Saturday, June 14, 2014

Higher education has become an industry, big business ...

Colleges once existed as places of higher learning, but in 21st century America, higher education has become more of an industry than a place of academic discovery.  This shouldn't be misconstrued to think that one cannot receive a quality education at a college, but that doesn't appear to be the priority anymore.  And the money being funnelled into colleges and universities often comes at the great expense of lower and middle class Americans.

Ironically, one of the tools of helping Americans make it to college has become one of the financial millstones around our neck, namely student loans.  The affordability of college has been eased by the availability of money, particularly through loans offered by the federal government.  In 1965, the Stafford Loan program was passed into law allowing quality students the opportunity to further their education and seek better career opportunities.  No one would deny that this program has enabled countless numbers of citizens the chance to better themselves, including myself.  My undergraduate and graduate degrees were made possible through Stafford Loans. 

Because of the federal government's student loan program, colleges and universities around the country saw significantly increased numbers in student enrollment because of the access to money at low interest rates.  Student loans are highly beneficial to Americans who complete college, but the problem is that not everyone completes college, and thus, they do not always have the means to pay back their loans.  Additionally, even when they do complete college, many citizens work in fields that do not pay large salaries, so student loan payments are often a burden.  Depending on what degree a person earns, the 'cost' of student loans goes far beyond the principal amount borrowed. 

Aside from the frustration of student loans from an individual standpoint, colleges and universities have a vested interest in perpetuating student loans because of the revenue loans generate from them.  A school will receive their tuition / fees from the government regardless of whether or not the student ever pays those loans back. 

While some students do manage to work their way through college, they often need more than the standard four years to complete a bachelor's degree.  Again, this actually benefits the university to squeeze out as many tuition dollars as possible from students.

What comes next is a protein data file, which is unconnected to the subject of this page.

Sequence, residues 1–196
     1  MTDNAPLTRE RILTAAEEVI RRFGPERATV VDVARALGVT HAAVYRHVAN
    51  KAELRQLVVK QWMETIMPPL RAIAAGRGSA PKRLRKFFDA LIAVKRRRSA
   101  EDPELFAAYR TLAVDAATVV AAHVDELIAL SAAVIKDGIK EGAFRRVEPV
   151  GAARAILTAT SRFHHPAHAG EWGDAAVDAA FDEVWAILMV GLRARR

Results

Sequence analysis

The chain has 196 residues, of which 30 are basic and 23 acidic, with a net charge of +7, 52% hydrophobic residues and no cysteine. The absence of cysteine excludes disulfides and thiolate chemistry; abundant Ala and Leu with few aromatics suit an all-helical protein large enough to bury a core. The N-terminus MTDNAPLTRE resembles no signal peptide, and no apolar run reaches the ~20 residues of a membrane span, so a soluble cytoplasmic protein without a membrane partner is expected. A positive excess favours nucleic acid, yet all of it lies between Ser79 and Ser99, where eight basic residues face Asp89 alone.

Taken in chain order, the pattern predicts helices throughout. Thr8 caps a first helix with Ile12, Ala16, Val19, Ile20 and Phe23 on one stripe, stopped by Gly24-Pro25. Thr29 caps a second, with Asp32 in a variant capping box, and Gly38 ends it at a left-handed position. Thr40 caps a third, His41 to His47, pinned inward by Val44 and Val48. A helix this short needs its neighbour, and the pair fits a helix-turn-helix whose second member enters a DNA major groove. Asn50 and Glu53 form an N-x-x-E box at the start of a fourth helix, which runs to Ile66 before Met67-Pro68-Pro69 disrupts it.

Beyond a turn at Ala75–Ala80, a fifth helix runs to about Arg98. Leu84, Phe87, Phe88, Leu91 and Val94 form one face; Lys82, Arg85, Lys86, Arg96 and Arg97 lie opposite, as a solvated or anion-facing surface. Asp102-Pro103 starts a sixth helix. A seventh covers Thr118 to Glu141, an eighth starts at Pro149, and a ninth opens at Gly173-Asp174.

Are colleges and universities doing anything to scale back these problems?  Actually, they are, but the cures to financial problems often come at the expense of the quality education.  For instance, one of the remedies higher learning has implemented comes in the form of online courses.  Students have the option of taking certain classes via the Internet to expedite the completion of a degree.  But do online classes provide as beneficial of a learning experience as physically being in the classroom with the professor and other students?

A University of Virginia professor, Mark Edmundson, wrote an op-ed piece for The New York Times deriding the use of online classes as a suitable substitute for a classroom experience.  Here is a key excerpt from his article:

"... they [professors] also deploy something tantamount to artistry. They are superb at sensing the mood of a room. They have a sort of pedagogical sixth sense. They feel it when the class is engaged and when it slips off. And they do something about it. Their every joke is a sounding. It’s a way of discerning who is out there on a given day.
A large lecture class can also create genuine intellectual community. Students will always be running across others who are also enrolled, and they’ll break the ice with a chat about it and maybe they’ll go on from there. When a teacher hears a student say, “My friends and I are always arguing about your class,” he knows he’s doing something right. From there he folds what he has learned into his teaching, adjusting his course in a fluid and immediate way that the Internet professor cannot easily match.
Online education is a one-size-fits-all endeavor. It tends to be a monologue and not a real dialogue. The Internet teacher, even one who responds to students via e-mail, can never have the immediacy of contact that the teacher on the scene can, with his sensitivity to unspoken moods and enthusiasms. This is particularly true of online courses for which the lectures are already filmed and in the can. It doesn’t matter who is sitting out there on the Internet watching; the course is what it is."
The concept of an online course has the best of intentions, but in the grand scheme of education, it's not a viable solution.  Edmundson rounded out his article with a thought many teachers have expressed for some time:  "... there was nothing you could get from that course that you couldn’t get from a good book on the subject."